One day a man was walking home from church when he was unexpectedly surrounded and mugged by three thugs who beat him to almost the point of death, stole everything he had and left him on the side of the road to die. About thirty minutes later a Baptist Minister was walking down the same road. He saw the poor man bleeding and in pain but, he looked away and crossed over to the other side of the street and kept walking. About 30 minutes later a Catholic Priest was walking down the road and he saw the man lying there near death and bleeding. He too looked away and then walked over to the other side of the street. About 15 minutes go by and a young Muslim man sees the battered old man. He stops, rips parts of his own shirt to bandage the man’s wounds, calls a cab and checks him into the hospital. He writes the ER nurse a check for $500 and gives her his business card and says to care for him until he is well and send the bill to him.
Does this story sound familiar? Perhaps the greatest of all the parables, or lessons, of Jesus is the Parable of the Good Samaritan (Luke 10:25-37). Sure, I changed the up the characters a bit from a Jew, Priest, Levite, and Samaritan but, that is only because I wanted it to have the same shocking effect that the orignal had back then. It is said that the original lesson of the parable was to show an inquiring student who his neighbor was and to impress on everyone that we should treat each other, even an enemy, with kindness.
Personally, I think the parable teaches a lot more than that. Just think for a moment what else is being said here. Two clergymen walked right by this poor man. They are the very people who preach to people on how they are to act and the lives they are to lead and they walked right by someone who was in need of help. Then a muslim man, who is supposed to hate the christian man, stops and helps him. No one was around to see this. No one saw the hypocrisy of the clergymen and no one saw the loving-kindness of the muslim man. The actions of an individual define a person far more than anything they say. This is even more so when no one is looking.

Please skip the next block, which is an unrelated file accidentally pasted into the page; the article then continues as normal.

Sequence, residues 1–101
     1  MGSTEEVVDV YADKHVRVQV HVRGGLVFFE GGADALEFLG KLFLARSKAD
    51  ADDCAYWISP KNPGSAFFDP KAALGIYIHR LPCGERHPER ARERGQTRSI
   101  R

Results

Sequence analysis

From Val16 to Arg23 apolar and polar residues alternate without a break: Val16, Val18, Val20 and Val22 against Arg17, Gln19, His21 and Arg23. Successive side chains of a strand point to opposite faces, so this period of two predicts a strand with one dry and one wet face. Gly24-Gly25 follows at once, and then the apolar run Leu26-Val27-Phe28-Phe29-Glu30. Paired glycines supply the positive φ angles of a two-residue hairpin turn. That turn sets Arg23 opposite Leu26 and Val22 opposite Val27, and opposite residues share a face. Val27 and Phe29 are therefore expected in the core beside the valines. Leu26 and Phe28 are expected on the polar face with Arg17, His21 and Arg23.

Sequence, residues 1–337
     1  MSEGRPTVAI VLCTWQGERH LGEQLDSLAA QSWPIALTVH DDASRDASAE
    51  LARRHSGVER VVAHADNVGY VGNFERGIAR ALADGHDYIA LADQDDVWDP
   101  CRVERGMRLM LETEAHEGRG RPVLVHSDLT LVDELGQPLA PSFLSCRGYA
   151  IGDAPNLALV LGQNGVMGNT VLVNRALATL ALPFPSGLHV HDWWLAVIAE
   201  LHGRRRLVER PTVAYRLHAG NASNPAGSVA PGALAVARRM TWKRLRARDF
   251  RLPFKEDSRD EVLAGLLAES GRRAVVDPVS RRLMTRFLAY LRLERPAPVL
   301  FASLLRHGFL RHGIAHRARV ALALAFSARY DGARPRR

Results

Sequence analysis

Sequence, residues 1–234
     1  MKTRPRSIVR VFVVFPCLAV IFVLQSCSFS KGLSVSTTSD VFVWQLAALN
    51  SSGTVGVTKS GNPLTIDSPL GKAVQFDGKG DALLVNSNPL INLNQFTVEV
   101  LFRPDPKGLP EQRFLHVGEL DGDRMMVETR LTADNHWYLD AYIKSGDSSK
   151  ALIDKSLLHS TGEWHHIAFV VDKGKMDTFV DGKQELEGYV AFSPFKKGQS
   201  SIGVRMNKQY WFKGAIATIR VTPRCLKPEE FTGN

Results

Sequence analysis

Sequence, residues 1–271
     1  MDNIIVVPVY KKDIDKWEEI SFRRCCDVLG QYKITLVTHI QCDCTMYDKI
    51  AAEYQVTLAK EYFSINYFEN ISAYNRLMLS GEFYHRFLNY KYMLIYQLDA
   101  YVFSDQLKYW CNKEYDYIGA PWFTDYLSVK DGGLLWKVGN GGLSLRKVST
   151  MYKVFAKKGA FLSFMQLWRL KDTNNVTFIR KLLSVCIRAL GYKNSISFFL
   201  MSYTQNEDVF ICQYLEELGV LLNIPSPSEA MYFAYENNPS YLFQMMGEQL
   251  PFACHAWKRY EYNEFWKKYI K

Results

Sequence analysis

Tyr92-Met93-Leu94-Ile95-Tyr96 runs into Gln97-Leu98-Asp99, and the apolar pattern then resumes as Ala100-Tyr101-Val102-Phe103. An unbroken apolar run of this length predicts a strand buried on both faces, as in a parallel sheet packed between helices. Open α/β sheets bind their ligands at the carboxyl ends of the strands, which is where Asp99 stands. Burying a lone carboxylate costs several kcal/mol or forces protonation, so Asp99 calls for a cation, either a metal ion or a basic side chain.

Now look at yourself…
Do say one thing in front of someone and then a totally different thing behind their back?
Do you claim to be a man or woman of good morals and values, yet you have no problem flipping someone the one finger salute because they won’t let you merge on the interstate?
Do you tell your children to be honest and work hard in school and then find ways to cut corners at work and just do the minimum to get by?
Do you walk right past the charity box and buy yourself a Coke?
It is human nature to get ahead and to look out for yourself. We are all guilty of it. Darwin’s theory of Survival of the Fittest is more than a theory. It is part of our genetic make-up. Kindness and charity are values that all of us should strive to bring to the forefront. It has nothing to do with whether you are Christian, Muslim, Jewish, Humanist, or an Atheist. Kindness has no creed and charity is the purest form of universal love.
In the Sermon on the Mount (Matthew 5-7) a little less allegory is used to explain how our actions are to be governed. Since I am on the topic of what we do when no one is looking and charity has now been brought up I often get annoyed, especially at the end of the tax year, when I hear of the tax benefits of donating to charity. A personal benefit for being charitable? That totally defeats the purpose. People should give for the sake of giving and not because it benefits them in any way.
“Be careful not to practice your righteousness in front of others to be seen by them. If you do, you will have no reward from your Father in heaven. So when you give to the needy, do not announce it with trumpets, as the hypocrites do in the synagogues and on the streets, to be honored by others. Truly I tell you, they have received their reward in full. Be careful not to practice your righteousness in front of others to be seen by them. If you do, you will have no reward from your Father in heaven.” (Matthew 6:1-2)
So the lesson:
- We should give for the sake of giving.
- We should be kind even when no one is looking.
- We should treat others the way we want to be treated.
This sums up the Parable of the Good Samaritan as well as the overall message of Jesus of Nazareth.
© Nelson Rose, The Quest for Light